Siege Of The Capital: The People Behind The Siege

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Siege Of The Capital: The People Behind The Siege

In an earlier blog, I mentioned that the event at the core of Siege Of The Capital – Hamaas Khaalis’ takeover of three buildings in DC in 1977 – had more tangles and connections to people and events past, present, and future than I could have ever imagined when I started to research the story. Some of those connections look obvious now, but others still don’t. This blog briefly traces the bios of some of the people who happenstance pulled into the siege – and others who gained prominence afterwards.

Simply because he was in the wrong place at the wrong time, Maurice Williams’ life ended. Williams, a 22-year-old reporter for WHUR-FM, was shot by Khaalis’ accomplices when he got off an elevator on the 5th floor of the District Building just as the siege started.

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Mack Cantrell, a 46-year-old security guard in the building, survived a shotgun blast to the face only to die of a heart attack several months later.

Robert Pierce, a 51-year-old retired State Department employee working as a legal intern at the building while studying for a law degree at the Antioch School of Law, was caught in a crossfire between the hostage-takers and the police shortly after the siege started. He was paralyzed from the waist down and lost much of the use of his right hand.

At just about the same time that Maurice Williams sustained his fatal wound, a bullet also struck the chest of the siege’s most well-known victim, Councilman Marion Barry. Because the bullet apparently struck him on a ricochet, it lacked enough force to penetrate his heart, lodging in a bone just outside it. The continued presence of Washington’s Mayor for Life for the next 37 years is undoubtedly the most politically important consequence of the event.

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And, of course, the trauma that the more than 120 hostages continued to suffer over the rest of their lives is incalculable. After attempting to interview more than one hostage who declined to relive those 39 hours, I decided not to pursue further interviews but to rely instead on court records and media interviews. Interested readers should read, in particular, Forgotten Hostages: A Personal Account of Washington’s First Major Terror Attack, written by B’nai B’rith hostage Paul Green (available here Amazon).

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Siege Of The Capital discusses Elijah Muhammad and Wallace Muhammad’s leadership of the Black Muslims during the ‘60s and ‘70s but it makes only one reference to the group’s public relations director, Louis Farrakhan, who went on to become the leader of the Nation of Islam. One of the key figures in ending the siege was Metropolitan Police Department Inspector Joe O’Brien who, as I acknowledged in the postscript to the book, actually did much of what I had Jake Katz do in the book. Inspector O’Brien died in 2004 after his car was struck by a drunk driver who fled to his native Kenya to avoid sentencing in the case. After the driver was eventually arrested by Kenyan police and returned to the United States for trial, a Montgomery County, MD court finally brought justice to Officer O’Brien’s family in 2014, sentencing the defendant to the maximum sentence for his crime.Screen Shot 2015-09-01 at 10.07.19 AM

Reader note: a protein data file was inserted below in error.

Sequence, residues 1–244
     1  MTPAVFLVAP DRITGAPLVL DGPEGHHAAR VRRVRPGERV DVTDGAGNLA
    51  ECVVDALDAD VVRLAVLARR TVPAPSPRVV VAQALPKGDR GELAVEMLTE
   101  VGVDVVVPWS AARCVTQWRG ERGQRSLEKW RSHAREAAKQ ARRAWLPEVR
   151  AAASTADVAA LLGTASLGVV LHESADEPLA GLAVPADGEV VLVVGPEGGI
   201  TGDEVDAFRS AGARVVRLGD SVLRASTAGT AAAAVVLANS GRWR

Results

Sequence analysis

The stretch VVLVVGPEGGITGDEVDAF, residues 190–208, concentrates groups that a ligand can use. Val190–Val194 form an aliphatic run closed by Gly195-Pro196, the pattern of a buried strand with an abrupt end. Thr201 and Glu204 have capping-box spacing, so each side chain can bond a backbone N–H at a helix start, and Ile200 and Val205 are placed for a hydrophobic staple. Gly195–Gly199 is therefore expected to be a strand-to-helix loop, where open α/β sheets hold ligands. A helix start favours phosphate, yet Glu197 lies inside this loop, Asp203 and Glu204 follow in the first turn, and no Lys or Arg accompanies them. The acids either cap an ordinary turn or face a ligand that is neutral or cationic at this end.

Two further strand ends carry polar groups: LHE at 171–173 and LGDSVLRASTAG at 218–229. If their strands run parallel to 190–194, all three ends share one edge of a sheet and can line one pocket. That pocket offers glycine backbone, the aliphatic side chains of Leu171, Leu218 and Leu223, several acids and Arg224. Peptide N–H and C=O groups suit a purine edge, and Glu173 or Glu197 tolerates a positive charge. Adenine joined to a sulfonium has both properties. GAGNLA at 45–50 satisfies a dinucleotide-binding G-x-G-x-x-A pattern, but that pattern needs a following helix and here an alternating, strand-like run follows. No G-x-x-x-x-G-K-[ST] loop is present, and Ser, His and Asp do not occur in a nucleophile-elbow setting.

Dr. Muhammad Abdul-Rauf, the Director of the Islamic Center at the time it was taken, passed away in 2012 at the age of 86, but his son Feisal has followed in his footsteps. Feisal Rauf was the Imam at New York City’s Masjid Al Farah mosque for over 25 years and generated controversy in 2010 for his plan to build an Islamic Community Center two blocks from the former site of the World Trade Center.

Two of the lawyers involved in representing Khaalis after the siege, Tim Morrison, a Public Defender assigned to represent him at his arraignment, and Harry Alexander, who represented him at trial, went on to join the judges who presided over proceedings involving Khaalis – Leonard Braman, Harold Greene, Nick Nunzio, and H. Carl Moultrie – on the bench of the Superior Court. In 1990, the D.C. Superior Court’s courthouse was named for Judge Moultrie, who passed away in 1986.

Other lawyers who played prominent roles in the 1973 trial of the murderers of Khaalis’ family as well as the 1977 siege are alive and well. Earl Silbert, the U.S. Attorney for the District of Columbia at the time of the siege, is now a partner at DLA Piper. Henry Schuelke is a partner at Blank Rome, and Mark Tuohey is the Director of the Mayor’s Office of Legal Counsel. (Mr. Tuohey earned a permanent place in the author’s heart in 2005 when, as Chairman of D.C.’s Sports and Entertainment Commission, he played a key role in bringing baseball back to D.C. after a 34-year absence.) DC probation officer Tim Murray went on to become the administrator of the nation’s first drug court in Miami and later the Executive Director of the Pretrial Justice Institute.

Other than those listed above, a President, a Deputy Attorney General, a few Ambassadors, MPD Chief Maurice Cullinane, Kareem Abdul-Jabbar, and many others played key roles in the real-life drama enveloping the siege. For more on them, I invite you to read the book here.

** If any of the participants in the crisis or anyone else who lived in DC at the time wants to weigh in on any aspect of the siege, events leading up to it, or its aftermath, please leave a comment below.

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